Five years on, with over half of the girls still in captivity, the news circle has moved on but the UK-born former CNN reporter, who earned a Peabody award for the coverage of the schoolgirl kidnapping has now put her experiences covering the schoolgirls into a book, Beneath the Tamarind Tree.
The book picks up where the viral BringOurGirlsBack hashtag left off years ago. ‘’It is something of a gut punch when i learned, two years into the Chibok girls’ ordeal, that bosses at CNN do not remain exercised by the story. The news cycle moves on. The United States presidential election seizes the media’s attention. The hashtag that pricked our collective conscience #BringBackOurGirls all but melts away. Some Nigerians aren’t much interested either. They wonder aloud if the kidnapping is a “hoax,” designed to portray their country in a bad light. ‘’
The last video of the girls released was January 2018, a 20-minute unverified clip that showed 14 girls on camera and a voice saying they would not return. The government may have more information, but part of the problem is there's a kind of information blackout. The last major statement made by the government was that they don't know whom to negotiate with because Boko Haram has split into factions.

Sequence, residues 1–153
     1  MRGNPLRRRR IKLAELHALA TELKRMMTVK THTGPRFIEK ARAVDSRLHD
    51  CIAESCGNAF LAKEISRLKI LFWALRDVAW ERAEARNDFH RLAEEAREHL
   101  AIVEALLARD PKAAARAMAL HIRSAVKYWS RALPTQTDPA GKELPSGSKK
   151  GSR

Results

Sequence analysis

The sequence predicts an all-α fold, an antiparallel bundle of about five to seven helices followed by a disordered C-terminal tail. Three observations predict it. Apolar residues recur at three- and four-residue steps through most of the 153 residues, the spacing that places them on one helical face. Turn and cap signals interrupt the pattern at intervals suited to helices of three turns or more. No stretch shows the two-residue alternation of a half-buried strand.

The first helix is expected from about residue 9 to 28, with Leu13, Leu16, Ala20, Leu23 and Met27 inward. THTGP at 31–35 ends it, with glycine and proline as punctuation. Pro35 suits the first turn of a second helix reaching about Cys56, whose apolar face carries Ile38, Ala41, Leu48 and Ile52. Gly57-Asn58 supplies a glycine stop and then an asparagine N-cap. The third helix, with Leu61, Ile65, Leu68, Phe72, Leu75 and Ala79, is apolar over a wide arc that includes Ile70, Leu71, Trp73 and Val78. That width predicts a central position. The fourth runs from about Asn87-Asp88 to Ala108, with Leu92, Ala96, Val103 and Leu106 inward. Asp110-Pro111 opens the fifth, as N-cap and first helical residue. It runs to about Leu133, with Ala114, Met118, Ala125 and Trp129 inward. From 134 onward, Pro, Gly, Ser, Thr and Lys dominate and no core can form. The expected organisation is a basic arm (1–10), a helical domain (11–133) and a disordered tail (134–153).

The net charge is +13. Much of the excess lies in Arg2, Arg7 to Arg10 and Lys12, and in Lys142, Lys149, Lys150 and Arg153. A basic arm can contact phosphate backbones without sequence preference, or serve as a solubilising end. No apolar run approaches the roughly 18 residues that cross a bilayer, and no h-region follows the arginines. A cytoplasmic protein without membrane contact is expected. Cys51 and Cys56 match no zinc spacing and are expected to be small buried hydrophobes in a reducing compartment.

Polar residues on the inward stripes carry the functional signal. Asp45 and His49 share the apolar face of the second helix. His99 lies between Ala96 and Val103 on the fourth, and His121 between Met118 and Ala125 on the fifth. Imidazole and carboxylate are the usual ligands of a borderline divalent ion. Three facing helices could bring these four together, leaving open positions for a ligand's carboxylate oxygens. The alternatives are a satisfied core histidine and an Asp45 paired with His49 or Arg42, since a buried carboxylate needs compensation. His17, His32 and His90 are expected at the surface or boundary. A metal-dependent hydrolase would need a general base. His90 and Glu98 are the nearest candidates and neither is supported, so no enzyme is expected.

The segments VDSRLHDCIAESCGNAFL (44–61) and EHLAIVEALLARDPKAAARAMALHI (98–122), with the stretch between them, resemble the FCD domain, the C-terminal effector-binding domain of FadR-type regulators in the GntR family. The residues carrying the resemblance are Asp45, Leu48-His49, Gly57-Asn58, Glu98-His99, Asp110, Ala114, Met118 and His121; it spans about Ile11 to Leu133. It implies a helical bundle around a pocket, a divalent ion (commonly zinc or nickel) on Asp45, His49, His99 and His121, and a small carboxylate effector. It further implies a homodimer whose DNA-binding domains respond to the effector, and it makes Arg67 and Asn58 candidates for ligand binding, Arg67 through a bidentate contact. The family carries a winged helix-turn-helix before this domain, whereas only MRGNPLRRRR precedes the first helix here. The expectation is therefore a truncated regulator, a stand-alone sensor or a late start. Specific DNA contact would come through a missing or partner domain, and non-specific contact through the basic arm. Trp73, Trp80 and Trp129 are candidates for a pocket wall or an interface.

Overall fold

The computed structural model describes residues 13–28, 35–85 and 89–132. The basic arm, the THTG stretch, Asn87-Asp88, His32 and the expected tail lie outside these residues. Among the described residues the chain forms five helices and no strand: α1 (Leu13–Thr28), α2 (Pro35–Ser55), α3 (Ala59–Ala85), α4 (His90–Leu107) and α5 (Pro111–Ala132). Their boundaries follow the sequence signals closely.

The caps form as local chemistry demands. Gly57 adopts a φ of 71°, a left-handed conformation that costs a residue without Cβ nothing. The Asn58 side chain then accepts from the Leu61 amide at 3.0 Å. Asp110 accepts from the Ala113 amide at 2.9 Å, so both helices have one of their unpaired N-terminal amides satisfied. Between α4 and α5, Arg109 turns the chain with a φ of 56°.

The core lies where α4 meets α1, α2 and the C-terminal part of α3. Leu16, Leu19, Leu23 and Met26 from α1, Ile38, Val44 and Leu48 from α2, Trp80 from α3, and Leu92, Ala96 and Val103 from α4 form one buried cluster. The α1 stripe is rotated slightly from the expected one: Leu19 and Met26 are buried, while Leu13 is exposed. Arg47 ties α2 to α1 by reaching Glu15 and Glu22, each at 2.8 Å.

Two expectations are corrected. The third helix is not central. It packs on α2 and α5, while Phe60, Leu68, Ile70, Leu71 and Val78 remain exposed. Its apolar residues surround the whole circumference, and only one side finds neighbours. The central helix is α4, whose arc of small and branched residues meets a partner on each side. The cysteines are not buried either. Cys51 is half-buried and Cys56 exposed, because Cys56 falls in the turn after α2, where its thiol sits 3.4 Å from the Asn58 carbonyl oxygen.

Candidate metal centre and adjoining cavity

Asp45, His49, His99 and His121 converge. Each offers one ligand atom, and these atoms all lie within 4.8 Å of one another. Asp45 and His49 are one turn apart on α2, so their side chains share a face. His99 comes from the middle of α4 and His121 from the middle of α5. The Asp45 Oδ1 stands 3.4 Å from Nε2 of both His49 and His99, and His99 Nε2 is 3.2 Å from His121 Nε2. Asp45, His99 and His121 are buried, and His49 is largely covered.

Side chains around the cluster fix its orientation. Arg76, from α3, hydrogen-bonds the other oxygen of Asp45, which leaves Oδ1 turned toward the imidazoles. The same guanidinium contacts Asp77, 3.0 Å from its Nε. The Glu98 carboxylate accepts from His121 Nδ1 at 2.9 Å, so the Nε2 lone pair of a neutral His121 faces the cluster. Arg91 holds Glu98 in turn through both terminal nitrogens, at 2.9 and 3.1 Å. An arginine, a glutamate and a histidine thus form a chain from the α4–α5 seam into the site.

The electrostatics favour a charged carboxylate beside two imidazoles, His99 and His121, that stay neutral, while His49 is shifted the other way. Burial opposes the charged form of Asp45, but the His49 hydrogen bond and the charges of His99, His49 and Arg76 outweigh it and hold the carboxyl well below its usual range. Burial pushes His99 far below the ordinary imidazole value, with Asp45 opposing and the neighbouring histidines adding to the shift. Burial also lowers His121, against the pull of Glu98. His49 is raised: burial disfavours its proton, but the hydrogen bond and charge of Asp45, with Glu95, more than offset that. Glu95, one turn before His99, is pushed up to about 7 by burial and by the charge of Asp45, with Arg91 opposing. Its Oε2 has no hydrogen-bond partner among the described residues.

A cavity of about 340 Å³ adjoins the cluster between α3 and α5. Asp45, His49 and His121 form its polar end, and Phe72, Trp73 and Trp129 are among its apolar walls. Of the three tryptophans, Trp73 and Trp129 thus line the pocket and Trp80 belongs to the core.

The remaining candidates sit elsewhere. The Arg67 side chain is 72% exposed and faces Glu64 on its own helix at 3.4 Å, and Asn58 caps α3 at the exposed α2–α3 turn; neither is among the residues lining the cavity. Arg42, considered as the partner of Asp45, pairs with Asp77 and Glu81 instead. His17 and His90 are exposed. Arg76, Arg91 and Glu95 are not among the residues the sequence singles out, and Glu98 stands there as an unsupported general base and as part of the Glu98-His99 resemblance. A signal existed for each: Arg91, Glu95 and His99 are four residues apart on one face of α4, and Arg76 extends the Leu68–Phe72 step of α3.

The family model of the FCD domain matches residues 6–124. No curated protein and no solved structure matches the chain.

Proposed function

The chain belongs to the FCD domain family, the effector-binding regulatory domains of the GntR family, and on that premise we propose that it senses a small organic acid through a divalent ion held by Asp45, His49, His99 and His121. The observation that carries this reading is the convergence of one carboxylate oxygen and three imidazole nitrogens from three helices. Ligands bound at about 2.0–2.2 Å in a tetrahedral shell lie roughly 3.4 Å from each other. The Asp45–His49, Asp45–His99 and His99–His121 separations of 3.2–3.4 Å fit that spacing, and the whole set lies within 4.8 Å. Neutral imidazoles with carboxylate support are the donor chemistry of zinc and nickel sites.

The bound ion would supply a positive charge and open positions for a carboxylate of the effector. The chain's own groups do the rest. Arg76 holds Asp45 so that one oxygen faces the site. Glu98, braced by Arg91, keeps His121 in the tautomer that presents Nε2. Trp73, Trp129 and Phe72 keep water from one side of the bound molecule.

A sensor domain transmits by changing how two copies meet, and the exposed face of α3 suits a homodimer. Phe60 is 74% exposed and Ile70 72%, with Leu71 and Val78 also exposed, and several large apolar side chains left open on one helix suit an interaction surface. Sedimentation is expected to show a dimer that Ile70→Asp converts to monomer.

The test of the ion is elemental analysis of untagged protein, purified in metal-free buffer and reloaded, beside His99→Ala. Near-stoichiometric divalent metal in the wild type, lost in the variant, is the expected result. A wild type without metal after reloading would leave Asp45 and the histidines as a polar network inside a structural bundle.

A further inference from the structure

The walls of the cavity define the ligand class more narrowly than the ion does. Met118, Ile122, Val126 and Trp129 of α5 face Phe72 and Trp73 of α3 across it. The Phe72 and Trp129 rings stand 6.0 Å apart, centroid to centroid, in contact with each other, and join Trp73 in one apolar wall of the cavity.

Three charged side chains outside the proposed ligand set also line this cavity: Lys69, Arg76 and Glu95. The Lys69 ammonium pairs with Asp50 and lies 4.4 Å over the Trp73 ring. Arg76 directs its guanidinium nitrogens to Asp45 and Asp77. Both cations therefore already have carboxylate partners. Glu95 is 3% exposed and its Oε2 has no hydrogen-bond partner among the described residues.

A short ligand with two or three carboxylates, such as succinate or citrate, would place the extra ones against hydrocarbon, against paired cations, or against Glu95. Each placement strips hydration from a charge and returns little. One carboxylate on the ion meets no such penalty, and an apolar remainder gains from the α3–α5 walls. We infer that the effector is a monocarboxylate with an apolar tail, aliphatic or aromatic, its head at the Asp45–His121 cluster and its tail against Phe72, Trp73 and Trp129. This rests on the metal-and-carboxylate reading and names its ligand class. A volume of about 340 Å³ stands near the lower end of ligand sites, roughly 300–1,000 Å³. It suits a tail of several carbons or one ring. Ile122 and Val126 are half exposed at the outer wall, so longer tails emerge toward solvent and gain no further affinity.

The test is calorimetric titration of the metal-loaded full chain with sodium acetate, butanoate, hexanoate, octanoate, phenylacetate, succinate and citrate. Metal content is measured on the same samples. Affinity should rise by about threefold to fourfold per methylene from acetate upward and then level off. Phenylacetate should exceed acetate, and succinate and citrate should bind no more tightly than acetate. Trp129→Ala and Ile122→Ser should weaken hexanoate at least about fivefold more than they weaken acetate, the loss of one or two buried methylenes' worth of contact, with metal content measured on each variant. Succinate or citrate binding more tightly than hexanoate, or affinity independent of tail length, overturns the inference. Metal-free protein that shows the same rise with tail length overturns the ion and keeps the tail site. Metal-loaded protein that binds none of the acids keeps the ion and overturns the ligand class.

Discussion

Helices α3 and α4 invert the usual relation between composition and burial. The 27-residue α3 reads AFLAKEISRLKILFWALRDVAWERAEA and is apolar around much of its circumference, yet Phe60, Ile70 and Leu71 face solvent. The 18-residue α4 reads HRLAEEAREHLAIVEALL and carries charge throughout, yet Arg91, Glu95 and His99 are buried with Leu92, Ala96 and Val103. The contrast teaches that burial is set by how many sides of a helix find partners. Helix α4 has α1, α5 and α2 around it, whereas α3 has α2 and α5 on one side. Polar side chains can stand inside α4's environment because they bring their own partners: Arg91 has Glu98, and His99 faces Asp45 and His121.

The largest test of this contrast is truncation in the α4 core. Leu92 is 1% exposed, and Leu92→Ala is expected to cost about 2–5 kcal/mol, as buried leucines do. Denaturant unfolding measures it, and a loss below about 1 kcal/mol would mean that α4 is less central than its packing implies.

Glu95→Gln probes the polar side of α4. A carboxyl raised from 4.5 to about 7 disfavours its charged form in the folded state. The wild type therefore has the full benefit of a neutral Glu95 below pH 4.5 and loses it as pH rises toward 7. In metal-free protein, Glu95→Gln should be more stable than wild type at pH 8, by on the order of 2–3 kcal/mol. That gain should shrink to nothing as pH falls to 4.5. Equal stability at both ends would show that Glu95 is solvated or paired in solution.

Nigerian government has welcomed the book with reservations. A statement by the President's Senior Special Assistant on Media and Publicity, Malam Garba Shehu in Abuja noted that the book was hampered by misrepresentations.
"In stitching together her compelling portrait of this unfortunate yet paradoxical incident, Isha, this terrific journalist, risks a negative judgment of history on a book that is a farrago of misrepresentation."
The 43-year-old Journalist who now a run a girl’s advocacy charity W.E Can Lead said she wrote the book to humanize these girls. ‘’They've stayed nothing more than a headline, and I wanted to show that girls all over the world have hopes and dreams, inner lives, ambitions, visions for the future.’’